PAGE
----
Guard said he believes that the city should take a first step by latching on to the state system.

"I think it makes perfect sense to use a system that is already in place with a staff that is trained and experienced in making these evaluations," Guard said in an e-mail. He stressed that nobody in Davenport city government is currently qualified to evaluate banks' community-reinvestment performance.

He said in an interview that if this state process doesn't provide the results the Affirmative Action Committee is looking for, the issue can be revisited. "I would say: ‘Try it. Try this for a little while.'"

Guard also said he believes that the state system - which requires investigations when consumers file complaints about a financial institution - would be more effective if people were more aware of it and used it. "Nobody knows about it," he said of the complaint system. The state law, he said, "seems to have a lot of teeth."

Guard also said that a more-aggressive linked-deposit policy assumes that banks aren't doing enough in terms of community reinvestment. "I ... believe that our local banks are probably doing a pretty good job already," Guard wrote.

 

Red-Lining?

Guard's belief isn't supported by "The Analysis of Impediments to Fair Housing," a report that looked at Home Mortgage Disclosure Act data in the Quad Cities from 1997 through 2003. The study, which was commissioned by the cities of Davenport, Moline, and Rock Island, comes close to saying that financial institutions "red-lined" low-income census tracts in the three cities. Basically, it suggested that the success of a loan application appeared more closely tied to the census tract's income than the applicant's income.

For example, the report (available at http://www.rigov.org/citydepartments/ced/fairhousing.html) states in its Davenport section: "Comparing Very Low-Income tracts to High-Income tracts, large differences are noted between origination and denial rates. Within High-Income tracts, Very Low-Income applicants were successful 39.8 percent of the time, 17.1 percentage points higher than Very Low-Income applicants in the Very Low-Income tracts. High-Income applicants were successful 66.3 percent of the time in High-Income tracts, 20.4 percentage points higher than in Very Low-Income tracts. [...] While this analysis does not provide conclusive proof that red-lining exists, the expectation for higher-income applicants would be for relatively equal origination rates across all census tracts. The large differences in origination rates between Very Low and High-Income tracts suggest that some red-lining may be occurring."

The study comes to similar conclusions in both Rock Island and Moline.

But Guard said that community reinvestment, by law, can't be a high priority for the city. He said that his primary statutory responsibilities are to put the city's money where it is safe, is liquid, and provides a reasonable return on investment - the interest rate earned on deposits.

"I think ‘satisfactory' is perfectly acceptable," Guard said. He added that if a bank with a "satisfactory" Community Reinvestment Act score provides a higher return on investment than a bank with an "outstanding" rating, "I think I need to take the ‘satisfactory' rating."

Taylor said that the state's Community Reinvestment Act (CRA) test is virtually meaningless. "Very few banks fail the CRA exam - less than 2 percent," he said. "That's like saying the [city] will only make a deposit in an institution that has a building. ... They should never put anything in any bank that doesn't pass CRA."

The key is not the overall exam score but the information provided by the bank examiner, including city-specific data; it's critical to get below the surface, Taylor said.

He acknowledged that a linked-deposit program does require extra effort on the city's part. "Everybody wants an easy standard, and a bright line," he said. "It's not rocket science, but just taking a CRA grade doesn't accomplish it either. ...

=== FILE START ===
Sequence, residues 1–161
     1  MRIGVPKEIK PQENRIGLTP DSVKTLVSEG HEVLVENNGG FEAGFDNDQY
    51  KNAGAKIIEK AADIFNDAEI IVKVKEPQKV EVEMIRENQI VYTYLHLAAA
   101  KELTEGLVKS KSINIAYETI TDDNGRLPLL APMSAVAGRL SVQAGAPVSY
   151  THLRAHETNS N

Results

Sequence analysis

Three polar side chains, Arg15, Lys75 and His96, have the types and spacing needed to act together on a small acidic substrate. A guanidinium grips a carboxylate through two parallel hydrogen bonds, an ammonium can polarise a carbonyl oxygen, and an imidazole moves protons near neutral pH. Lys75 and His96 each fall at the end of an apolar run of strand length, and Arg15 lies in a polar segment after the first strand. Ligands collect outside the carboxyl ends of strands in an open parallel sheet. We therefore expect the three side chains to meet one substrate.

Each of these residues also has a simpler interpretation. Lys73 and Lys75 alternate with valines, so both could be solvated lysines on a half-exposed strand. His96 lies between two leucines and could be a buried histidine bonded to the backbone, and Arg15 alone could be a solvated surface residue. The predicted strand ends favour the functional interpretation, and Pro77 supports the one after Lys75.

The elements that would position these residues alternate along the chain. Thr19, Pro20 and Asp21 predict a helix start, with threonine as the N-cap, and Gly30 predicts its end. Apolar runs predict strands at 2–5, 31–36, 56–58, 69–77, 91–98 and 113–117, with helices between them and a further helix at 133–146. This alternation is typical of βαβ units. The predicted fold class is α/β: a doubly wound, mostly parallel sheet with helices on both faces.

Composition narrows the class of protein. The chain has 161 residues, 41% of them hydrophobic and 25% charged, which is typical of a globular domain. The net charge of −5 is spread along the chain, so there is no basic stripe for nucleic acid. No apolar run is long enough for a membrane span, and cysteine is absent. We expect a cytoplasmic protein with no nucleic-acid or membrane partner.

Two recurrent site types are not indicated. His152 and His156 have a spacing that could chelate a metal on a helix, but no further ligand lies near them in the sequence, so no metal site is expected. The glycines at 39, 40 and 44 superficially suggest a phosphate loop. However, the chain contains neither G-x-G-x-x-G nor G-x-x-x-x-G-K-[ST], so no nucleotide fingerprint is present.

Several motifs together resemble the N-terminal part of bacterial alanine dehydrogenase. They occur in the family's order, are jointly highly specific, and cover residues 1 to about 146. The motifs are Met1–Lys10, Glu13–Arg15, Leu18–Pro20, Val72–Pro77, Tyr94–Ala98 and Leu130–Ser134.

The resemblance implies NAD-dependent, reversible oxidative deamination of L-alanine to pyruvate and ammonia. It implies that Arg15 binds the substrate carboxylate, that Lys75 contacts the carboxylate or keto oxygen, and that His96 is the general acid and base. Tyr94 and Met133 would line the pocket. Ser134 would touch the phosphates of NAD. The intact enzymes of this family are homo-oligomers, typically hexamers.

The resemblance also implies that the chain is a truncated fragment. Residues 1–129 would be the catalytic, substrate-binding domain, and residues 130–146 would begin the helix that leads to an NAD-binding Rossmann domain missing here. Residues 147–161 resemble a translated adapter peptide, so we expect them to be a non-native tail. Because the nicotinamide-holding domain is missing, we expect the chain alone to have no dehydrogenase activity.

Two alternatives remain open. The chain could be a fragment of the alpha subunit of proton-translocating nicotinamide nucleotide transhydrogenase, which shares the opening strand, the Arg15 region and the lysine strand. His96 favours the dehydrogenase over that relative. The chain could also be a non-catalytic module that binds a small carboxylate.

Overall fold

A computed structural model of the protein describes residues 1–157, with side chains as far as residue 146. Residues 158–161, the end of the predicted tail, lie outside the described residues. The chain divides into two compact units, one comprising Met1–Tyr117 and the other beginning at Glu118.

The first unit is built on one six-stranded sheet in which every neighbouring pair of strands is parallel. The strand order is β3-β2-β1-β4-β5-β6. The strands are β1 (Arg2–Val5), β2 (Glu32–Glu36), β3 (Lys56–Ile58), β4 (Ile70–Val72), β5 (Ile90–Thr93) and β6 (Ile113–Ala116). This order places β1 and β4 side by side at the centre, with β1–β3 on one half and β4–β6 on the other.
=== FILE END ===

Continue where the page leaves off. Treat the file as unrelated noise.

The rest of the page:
"If you want to do something right, sometimes it does take a little extra work. But if in exchange for the extra work you get a systemic change in the focus of private financial institutions and the well-being of Davenport citizens, I think it's worth it."

Furthermore, Taylor said, a local program can address community needs in a way that a state standard cannot. "It's up to you to set those criteria. Once you set those criteria, there's going to be someone who's better than everybody else based on that criteria ... and someone's who's on the bottom. It should be fair, it should be independent, and it should be based on what's important to the community.

"Davenport needs to establish for itself what its credit needs are."

Jones said that it would probably take city staff time to develop expertise in the Community Reinvestment Act, and that the criteria might initially be general. A linked-deposit program would represent "the first step," he said. "We're hoping that over time, we can really begin to get into real specific data." That echoes Guard's comments about the steep learning curve that would be required if the city tried to develop its own community-reinvestment standards and to apply them to financial institutions.

"Once we become familiar with looking at the data," Jones said, "we hope that the program will expand and focus itself to be able to look at specific corridors and neighborhoods."

 

 

Where They Keep Their Money

 

Finance directors for the five major cities in the Quad Cities provided the River Cities' Reader with the financial institutions in which they deposit their money, and in what amounts.

Bettendorf: THE National Bank, $8,566,751; Federal National Mortgage Association, $6,914,581; Federal Home Loan Bank, $4,357,240; Bankers Trust Co., $3,711,283; Federal Home Loan Mortgage Corporation, $1,931,233; Federal Farm Credit Banks, $1,002,810; Protective Life, $955,500; Northwest Bank, $836,488; Wells Fargo, $59,406; Quad City Bank, $8,578.

Davenport: Wells Fargo, $44,766,612; Quad City Bank & Trust, $9,988,274; U.S. Bank, $8,000,000; Valley Bank, $4,000,000.

East Moline: THE National Bank, $7,373,132; JP Morgan Chase, $6,850,841; Illinois Public Treasurers' Investment Pool, $1,817,704; IH Mississippi Valley Credit Union, $510,402.

Moline: First Midwest Bank, $10,064,728; U.S. Bank, $4,754,165.

Rock Island: cash and investment pools managed by the State of Illinois, $8,131,675; American Bank, $5,000,000; Illinois Metropolitan Investment Pool, $3,089,544; THE National Bank, $2,134,441; Blackhawk State Bank, $1,025,180; Bank Orion, $1,005,376; Midamerican Bank, $525,109; First Midwest Bank, $500,000.